Ask a Question forum: Where do you grow your mint?

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Silver Spring, MD (Zone 7a)
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ssgardener
Dec 28, 2015 8:11 AM CST
I definitely don't want to grow it in the ground (for obvious reasons), but I'm having trouble finding the perfect container.

Mint has shallow roots, so I probably need something wide but not necessarily deep. I use mint only a handful times a year in my cooking, but I really like having it handy.

I haven't found a commercial pot that is suitable. They're either too deep (makes it unreasonably heavy) or not wide enough.

Please post pictures if you have them!
Name: Cindy
Hobart, IN zone 5
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Shadegardener
Dec 28, 2015 8:28 AM CST
I remember "azalea" pots - a little wider and not as deep as standard pots since azaleas have shallow root systems. I don't know if they're still around.
Name: Porkpal
Richmond, TX
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porkpal
Dec 28, 2015 9:25 AM CST
I grow mint in a clay pot buried in the ground so I don't have to worry about it drying out or spreading.
Porkpal
Name: Elaine
South Sarasota, Florida (Zone 9b)
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dyzzypyxxy
Dec 28, 2015 1:15 PM CST
I also know people who bury a couple of cinderblocks in the ground and plant their mint in the holes in the cinderblocks so it won't wander.
Elaine

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Name: Sandy B.
Ford River, Michigan UP (Zone 4b)
(Zone 4b-maybe 5a)
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Weedwhacker
Dec 28, 2015 2:16 PM CST
This is a gardening idea that I found on Pinterest quite a while back, from apartmenttherapy.com -- buried pots for planting in; this would be great for an herb garden, including the mints.

I guess it would be better if I actually added the photo:

Thumb of 2015-12-28/Weedwhacker/da2ae9

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[Last edited by Weedwhacker - Dec 28, 2015 2:18 PM (+)]
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Name: Deb
Pacific Northwest (Zone 8b)
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Bonehead
Dec 28, 2015 2:33 PM CST
Another option is to fill the bottom portion of a larger pot with lightweight material before adding the soil. I let my mint grow between my barn and gravel driveway, which effectively limits the tendency to spread and softens the confluence of structure / gravel.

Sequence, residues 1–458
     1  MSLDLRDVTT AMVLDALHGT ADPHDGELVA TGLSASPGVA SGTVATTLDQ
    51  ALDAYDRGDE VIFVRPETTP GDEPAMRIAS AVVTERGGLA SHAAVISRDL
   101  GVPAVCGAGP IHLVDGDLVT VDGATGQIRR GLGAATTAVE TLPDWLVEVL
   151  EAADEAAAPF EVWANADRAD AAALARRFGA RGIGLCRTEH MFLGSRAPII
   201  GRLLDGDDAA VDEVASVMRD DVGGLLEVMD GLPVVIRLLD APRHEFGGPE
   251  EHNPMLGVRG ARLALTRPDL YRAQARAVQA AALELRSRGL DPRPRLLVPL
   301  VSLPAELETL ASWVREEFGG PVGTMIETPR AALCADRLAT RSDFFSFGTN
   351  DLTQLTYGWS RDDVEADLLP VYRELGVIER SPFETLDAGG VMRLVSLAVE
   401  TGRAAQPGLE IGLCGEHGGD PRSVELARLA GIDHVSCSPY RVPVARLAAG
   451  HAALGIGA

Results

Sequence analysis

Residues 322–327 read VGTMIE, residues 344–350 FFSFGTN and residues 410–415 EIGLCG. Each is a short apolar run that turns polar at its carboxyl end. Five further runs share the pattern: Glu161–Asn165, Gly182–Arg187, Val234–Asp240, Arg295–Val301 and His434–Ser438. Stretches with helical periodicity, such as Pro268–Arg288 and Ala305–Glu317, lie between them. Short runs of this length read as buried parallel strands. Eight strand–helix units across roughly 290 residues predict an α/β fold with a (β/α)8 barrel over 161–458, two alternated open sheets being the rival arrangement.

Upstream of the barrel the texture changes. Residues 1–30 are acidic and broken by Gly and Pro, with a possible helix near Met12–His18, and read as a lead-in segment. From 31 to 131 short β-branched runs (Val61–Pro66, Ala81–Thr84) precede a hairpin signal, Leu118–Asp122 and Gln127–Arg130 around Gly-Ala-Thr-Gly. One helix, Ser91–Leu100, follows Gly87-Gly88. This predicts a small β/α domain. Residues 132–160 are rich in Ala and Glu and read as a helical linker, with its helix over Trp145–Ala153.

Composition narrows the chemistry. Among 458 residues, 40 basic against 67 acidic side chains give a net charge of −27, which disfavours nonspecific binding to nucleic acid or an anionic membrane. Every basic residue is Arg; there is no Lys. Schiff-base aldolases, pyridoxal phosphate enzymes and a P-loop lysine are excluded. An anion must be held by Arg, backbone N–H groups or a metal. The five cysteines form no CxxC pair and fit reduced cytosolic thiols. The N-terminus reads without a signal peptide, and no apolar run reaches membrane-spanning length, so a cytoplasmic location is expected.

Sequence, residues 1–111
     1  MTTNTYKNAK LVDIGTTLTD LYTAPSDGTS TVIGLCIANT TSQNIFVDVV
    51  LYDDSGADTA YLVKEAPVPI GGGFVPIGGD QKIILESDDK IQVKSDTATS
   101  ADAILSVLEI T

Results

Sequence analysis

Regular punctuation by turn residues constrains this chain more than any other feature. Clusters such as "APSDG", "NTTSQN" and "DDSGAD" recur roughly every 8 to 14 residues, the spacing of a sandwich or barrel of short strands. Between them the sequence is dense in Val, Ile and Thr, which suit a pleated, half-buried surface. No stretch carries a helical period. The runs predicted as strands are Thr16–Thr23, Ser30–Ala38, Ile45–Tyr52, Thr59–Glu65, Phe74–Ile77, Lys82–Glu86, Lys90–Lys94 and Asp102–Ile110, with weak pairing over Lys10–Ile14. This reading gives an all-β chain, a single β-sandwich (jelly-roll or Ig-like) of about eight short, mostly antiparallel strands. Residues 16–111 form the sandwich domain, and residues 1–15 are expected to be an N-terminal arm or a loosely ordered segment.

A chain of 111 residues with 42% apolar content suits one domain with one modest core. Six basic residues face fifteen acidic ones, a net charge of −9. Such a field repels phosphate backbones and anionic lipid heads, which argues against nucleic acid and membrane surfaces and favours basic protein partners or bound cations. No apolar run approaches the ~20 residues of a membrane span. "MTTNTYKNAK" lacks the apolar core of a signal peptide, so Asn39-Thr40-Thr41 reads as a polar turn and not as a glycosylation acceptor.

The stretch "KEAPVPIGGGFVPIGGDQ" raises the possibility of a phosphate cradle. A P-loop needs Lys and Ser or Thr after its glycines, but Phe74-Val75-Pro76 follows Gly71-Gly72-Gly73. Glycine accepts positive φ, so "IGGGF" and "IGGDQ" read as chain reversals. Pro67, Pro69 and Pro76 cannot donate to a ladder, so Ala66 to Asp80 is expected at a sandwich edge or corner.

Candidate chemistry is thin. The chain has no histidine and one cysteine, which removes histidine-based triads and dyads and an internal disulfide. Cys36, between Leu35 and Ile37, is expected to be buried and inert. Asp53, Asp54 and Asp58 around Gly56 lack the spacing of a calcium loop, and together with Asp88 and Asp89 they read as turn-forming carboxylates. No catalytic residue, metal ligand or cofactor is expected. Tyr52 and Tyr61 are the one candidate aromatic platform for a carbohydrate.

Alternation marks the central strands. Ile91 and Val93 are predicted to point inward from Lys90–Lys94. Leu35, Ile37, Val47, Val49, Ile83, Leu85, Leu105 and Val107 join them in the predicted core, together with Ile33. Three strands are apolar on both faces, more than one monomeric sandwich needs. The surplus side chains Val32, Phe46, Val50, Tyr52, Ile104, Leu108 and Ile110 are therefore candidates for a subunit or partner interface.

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Silver Spring, MD (Zone 7a)
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ssgardener
Dec 28, 2015 2:39 PM CST
Sandy, that is a gorgeous photo!

I'm scared of burying the container. I've had mint escape before, and it's certainly a hassle to dig them all up!
Name: Cindy
Hobart, IN zone 5
aka CindyMzone5
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Shadegardener
Dec 28, 2015 4:56 PM CST
I'm not sure if mint is as vigorous a grower as passionflower but I had the latter growing in a pot during the warm season and the roots escaped through the drainage hole and into the soil. I now have little passionflower plants coming up through the gravel into my little GH. Sigh.
Name: Elaine
South Sarasota, Florida (Zone 9b)
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dyzzypyxxy
Dec 28, 2015 5:12 PM CST
Yep, some of my passionflowers do that, too. But they are much deeper-rooted than mint which tends to stay close to the surface as long as there's lots of water.

I think if you sink a big enough pot, and leave the rim a couple of inches above ground (like the ones in Sandy's picture) you shouldn't have problems containing it. Maybe put some little pieces of window screening over the drainage holes to make it more difficult to escape. In addition, if you use microsprinklers and it has its own sprinkler inside the pot, plus there's no water outside around the pot it will tend to stay put.
Elaine

"Success is stumbling from failure to failure with no loss of enthusiasm." –Winston Churchill
Name: Cindy
Hobart, IN zone 5
aka CindyMzone5
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Shadegardener
Dec 30, 2015 11:14 AM CST
dyzzy - good tip about the window screening! Will have to try that one.
Name: Greene
Savannah, GA (Sunset 28) (Zone 8b)
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greene
Dec 30, 2015 9:46 PM CST